3. don’t discount the importance of satisfaction. This one is really important. If you are on a diet that puts your favorite foods in the “bad food” category, you will not be satisfied with what you are eating. For example substituting an apple for that piece of chocolate or cookie that you crave. Yes, the apple is better for you, but if you had just eaten that one piece of chocolate you wouldn’t find yourself eating everything in the house after the apple & still not feeling satisfied! Now you just feel guilty.
  4. Get rid of the food police. I like this one. Read what she  wrote about them. The food police can also be a partner, spouse or friend. 

At the end of the article is a slide show of: 8 Food Trends Nutrition Experts Pray Will Never Return Check it out 🙂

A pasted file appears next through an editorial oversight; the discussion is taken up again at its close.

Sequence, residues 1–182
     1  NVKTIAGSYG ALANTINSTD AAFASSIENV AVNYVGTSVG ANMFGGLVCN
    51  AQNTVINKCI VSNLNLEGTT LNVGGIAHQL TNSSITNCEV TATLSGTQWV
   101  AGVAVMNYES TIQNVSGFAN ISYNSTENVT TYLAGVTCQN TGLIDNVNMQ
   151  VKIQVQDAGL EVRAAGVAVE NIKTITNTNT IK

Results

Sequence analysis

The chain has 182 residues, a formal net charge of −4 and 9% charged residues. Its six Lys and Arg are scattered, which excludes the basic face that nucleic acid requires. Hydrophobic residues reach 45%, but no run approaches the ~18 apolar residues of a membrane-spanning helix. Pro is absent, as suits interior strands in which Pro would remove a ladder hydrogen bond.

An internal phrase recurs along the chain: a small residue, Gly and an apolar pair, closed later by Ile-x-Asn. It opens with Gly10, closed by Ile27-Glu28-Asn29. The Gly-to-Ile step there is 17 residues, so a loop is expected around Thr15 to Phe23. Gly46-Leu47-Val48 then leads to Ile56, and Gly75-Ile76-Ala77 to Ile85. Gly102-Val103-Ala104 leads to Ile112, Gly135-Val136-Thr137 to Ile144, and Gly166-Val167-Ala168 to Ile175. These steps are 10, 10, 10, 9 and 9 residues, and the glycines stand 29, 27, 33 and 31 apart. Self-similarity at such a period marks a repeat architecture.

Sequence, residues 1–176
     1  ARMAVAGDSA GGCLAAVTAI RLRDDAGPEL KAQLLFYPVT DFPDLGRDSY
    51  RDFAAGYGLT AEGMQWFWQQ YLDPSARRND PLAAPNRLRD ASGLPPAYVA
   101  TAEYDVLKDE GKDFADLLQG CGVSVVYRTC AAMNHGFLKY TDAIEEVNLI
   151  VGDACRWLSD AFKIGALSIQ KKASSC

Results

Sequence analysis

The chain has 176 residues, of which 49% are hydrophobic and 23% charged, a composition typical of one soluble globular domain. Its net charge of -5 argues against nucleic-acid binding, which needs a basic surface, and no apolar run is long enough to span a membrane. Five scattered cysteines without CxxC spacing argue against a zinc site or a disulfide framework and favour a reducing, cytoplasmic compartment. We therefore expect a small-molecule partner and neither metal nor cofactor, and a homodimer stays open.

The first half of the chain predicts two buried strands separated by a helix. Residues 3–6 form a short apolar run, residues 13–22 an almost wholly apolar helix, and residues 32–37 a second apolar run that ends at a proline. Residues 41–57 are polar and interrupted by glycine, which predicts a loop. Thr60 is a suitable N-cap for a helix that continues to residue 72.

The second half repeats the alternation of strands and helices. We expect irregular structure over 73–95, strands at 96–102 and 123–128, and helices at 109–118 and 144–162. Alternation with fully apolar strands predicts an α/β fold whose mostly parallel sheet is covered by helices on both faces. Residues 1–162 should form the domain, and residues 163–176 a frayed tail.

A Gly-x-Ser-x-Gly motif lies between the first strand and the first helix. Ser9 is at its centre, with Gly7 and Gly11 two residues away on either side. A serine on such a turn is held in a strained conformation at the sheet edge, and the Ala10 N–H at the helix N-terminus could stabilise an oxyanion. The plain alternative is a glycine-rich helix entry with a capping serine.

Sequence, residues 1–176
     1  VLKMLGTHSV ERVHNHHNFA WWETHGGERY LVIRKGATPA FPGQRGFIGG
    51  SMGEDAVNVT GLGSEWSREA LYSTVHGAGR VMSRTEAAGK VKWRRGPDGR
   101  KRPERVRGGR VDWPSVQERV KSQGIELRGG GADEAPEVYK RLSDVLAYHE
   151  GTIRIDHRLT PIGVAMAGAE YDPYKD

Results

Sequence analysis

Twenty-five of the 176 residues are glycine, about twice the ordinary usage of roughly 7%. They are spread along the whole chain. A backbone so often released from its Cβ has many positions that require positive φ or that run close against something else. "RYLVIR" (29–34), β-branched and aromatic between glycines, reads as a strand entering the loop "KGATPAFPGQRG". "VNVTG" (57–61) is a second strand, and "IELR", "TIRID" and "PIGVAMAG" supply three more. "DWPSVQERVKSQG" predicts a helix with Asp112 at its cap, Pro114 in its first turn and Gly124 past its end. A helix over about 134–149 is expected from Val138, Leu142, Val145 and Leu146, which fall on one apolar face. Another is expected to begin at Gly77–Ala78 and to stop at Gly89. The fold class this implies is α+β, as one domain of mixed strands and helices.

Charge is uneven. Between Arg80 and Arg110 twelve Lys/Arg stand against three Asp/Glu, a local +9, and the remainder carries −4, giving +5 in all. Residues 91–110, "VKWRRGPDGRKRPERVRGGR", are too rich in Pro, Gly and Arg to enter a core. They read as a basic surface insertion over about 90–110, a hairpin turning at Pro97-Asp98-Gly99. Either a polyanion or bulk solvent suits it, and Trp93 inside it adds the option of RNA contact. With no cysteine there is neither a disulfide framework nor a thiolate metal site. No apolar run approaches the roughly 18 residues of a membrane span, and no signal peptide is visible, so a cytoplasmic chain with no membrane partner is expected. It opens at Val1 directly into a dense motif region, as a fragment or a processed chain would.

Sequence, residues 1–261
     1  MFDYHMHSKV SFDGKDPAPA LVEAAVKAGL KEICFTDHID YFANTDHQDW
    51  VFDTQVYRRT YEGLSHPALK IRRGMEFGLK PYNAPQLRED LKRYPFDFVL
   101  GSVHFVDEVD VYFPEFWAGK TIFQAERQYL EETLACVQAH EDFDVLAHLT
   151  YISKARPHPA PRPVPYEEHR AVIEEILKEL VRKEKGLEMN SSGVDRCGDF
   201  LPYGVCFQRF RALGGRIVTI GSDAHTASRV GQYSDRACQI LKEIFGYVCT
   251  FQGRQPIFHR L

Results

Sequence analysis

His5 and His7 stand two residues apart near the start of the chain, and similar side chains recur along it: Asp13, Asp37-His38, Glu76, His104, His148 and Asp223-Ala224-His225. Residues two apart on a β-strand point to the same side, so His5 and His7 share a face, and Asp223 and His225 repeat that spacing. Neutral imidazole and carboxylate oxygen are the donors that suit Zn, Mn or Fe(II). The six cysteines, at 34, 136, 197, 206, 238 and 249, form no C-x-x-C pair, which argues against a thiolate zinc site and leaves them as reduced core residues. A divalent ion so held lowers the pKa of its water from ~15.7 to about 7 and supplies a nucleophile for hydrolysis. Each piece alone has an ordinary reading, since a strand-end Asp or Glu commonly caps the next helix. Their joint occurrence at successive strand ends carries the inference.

Now to the U.S. News: U.S. News Reveals Best Diets Rankings for 2018 U.S. News evaluated 40 of the most popular diets and identified the best. Find which top-rated diet is best for your health and fitness goals. 

Once again the U.S. News has evaluated and ranked the most popular diets of the year. They do this yearly with a panel of health experts. Their criteria does not include cancer prevention specifically, but it does address all the other inflammatory diseases. This means that the top diets will indeed be preventative & lower the risk of cancer. It also means that they will boost your immune system & improve your overall health. As you well know, most people don’t just have cancer, they also are at risk or have been diagnosed with other chronic diseases such as pre-diabetes, high blood pressure or even heart disease.